In the meantime, in a bid to build a global paradise of peace and prosperity on earth, the countries of this world, great and small, might do well to take heed of these ancient words of wisdom …

A great country
is like the lowland,
toward which
all streams flow.
It is the reservoir
of all under heaven,
the feminine of the world.
The female overcomes
the male with stillness,
by lowering herself
through her quietness.

In a world of peace and prosperity, these words would speak for themselves.

So if a great country
lowers itself
before a small one,
it wins friendship and trust,
and if a small country
can lower itself
before a great one,
it will win over
this great country.
The one wins by stooping;
the other, by remaining low.

Sovereign countries themselves cannot stoop or remain low – only those who represent such countries can do so and only if such conduct is supported and endorsed by their respective populations.

As a metaphor, this portion of the verse speaks eloquently to the positioning required for the emergence and sustenance of peaceful relations between sovereign nations of unequal size and stature.

At the heights of power, true strength is found in remaining discreet, from a space of humility, in a vast inner ocean of stillness. All those who would presume to tower above you in a spirit of conquest would ultimately find their restless, restive energies flowing down to you.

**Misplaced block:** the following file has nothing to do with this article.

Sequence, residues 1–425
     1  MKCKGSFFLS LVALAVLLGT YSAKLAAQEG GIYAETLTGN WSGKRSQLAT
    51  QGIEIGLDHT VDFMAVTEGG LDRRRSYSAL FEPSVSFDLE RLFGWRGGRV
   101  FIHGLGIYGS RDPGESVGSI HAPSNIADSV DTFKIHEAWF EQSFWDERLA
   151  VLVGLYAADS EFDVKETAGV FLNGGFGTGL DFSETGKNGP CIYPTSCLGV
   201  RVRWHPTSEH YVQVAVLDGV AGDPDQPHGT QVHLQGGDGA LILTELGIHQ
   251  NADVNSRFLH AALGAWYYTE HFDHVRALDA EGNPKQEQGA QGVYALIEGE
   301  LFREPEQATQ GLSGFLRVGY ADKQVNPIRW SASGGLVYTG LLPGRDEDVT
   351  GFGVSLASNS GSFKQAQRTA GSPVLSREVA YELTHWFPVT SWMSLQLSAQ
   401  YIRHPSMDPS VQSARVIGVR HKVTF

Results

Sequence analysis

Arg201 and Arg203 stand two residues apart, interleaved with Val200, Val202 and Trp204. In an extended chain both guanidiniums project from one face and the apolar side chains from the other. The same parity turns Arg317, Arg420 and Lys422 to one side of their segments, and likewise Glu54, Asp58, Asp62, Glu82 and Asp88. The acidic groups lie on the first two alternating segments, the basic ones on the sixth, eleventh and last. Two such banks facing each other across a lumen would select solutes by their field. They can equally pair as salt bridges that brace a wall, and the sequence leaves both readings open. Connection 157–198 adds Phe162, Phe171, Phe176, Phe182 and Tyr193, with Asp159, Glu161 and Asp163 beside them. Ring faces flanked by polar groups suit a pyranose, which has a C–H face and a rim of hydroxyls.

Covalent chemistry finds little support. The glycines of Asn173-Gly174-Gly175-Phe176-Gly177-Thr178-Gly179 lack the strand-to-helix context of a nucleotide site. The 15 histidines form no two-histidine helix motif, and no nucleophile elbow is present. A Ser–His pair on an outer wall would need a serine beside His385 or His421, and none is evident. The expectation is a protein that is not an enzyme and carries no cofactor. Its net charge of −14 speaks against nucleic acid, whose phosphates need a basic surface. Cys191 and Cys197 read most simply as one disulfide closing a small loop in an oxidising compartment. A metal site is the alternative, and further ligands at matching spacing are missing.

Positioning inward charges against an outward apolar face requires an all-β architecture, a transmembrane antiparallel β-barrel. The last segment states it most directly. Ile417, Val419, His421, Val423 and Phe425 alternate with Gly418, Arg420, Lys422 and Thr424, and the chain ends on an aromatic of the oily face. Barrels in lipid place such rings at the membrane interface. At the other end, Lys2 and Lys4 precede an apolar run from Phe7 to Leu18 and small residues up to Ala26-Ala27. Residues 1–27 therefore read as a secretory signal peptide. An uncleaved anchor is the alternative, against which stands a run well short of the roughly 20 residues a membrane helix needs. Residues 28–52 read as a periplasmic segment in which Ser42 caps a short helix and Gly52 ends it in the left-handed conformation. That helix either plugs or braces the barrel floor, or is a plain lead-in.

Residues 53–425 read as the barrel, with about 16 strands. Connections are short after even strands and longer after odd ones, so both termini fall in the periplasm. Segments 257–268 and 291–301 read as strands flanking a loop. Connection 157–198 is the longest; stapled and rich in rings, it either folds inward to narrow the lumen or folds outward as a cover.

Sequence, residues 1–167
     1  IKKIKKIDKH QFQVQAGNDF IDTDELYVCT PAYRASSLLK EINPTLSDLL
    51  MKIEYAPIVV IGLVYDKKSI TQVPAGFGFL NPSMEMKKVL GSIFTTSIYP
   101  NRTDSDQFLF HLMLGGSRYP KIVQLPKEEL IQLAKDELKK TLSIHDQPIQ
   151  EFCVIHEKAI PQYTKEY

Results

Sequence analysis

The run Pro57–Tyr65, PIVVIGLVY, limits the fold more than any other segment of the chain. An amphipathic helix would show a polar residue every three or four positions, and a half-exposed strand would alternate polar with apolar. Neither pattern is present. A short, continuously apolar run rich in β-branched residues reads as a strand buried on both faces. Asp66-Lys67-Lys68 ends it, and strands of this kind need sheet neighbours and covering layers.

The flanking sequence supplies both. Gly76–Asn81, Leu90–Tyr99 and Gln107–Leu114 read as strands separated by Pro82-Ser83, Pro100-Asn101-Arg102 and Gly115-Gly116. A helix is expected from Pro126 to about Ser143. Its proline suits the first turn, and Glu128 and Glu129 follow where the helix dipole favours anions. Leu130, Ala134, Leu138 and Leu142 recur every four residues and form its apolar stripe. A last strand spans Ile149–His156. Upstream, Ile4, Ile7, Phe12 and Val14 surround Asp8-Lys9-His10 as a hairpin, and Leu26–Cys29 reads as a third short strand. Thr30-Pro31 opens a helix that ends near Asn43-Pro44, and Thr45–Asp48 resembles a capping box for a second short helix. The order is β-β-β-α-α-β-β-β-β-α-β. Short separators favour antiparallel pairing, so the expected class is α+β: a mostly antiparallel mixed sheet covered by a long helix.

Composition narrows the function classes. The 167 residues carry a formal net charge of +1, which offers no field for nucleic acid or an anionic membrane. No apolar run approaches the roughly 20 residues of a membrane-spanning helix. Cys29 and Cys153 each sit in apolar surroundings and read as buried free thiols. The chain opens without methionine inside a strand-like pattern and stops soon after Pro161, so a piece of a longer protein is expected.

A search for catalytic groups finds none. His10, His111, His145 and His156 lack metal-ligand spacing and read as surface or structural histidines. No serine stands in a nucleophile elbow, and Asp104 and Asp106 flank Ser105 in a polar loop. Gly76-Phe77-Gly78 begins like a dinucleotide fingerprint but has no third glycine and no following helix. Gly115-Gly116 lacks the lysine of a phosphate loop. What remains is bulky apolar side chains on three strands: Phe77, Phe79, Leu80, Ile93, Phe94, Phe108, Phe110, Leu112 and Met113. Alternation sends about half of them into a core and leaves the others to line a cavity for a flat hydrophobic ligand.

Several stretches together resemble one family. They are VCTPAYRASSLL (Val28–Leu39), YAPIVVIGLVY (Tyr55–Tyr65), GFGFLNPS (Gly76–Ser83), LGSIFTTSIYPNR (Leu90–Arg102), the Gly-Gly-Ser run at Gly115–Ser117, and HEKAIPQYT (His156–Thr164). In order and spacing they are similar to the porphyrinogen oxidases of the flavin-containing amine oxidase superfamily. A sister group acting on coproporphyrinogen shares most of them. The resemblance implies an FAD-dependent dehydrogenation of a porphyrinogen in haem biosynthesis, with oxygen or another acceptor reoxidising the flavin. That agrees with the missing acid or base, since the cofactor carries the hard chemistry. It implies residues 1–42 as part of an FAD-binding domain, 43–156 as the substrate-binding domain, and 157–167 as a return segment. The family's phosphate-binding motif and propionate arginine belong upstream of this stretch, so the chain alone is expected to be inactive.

Implications for Personal Fulfillment

Personal strength has been traditionally viewed as displays of arrogance and flamboyancy, of dominance and control, of imposition and conquest, but at the peaceful, loving, joyous, blissful, graceful core of personal vulnerability lies a different kind of personal strength.

To wit, tenderness is strength.

Masculine energy does have its time and place, when and where appropriately applied, but as verse 61 makes clear, feminine energy, when aligned with the Tao, serves a far greater power in its vast capacity to tame and absorb the willfulness of masculine power.

Where wilfulness presumes to overcome willingness, willingness serves to undermine wilfulness.

This universal dance of the masculine and feminine plays back and forth in perpetuity; both have their time and place, and it is up to each of us to decide when and where either is best applied or sustained.

In essence, the cultivation or realization of personal fulfillment can only ever be sought or found through making it so or letting it be, in doing or being, in a process of execution or in a state of completion.

The more we apply ourselves to making it so, the more room we need to make for letting it be, and the more we settle ourselves into letting it be, the more inclined we’ll be to make it so. We decide when and where to make it so or let it be and only we can know how far we can go with making it so or letting it be.

Only we can know just how far we can go with stooping or remaining low.

Next up: The Principal Principle (Living in the Treasure-House of the Tao)

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This post is one of many in an ongoing series that began here.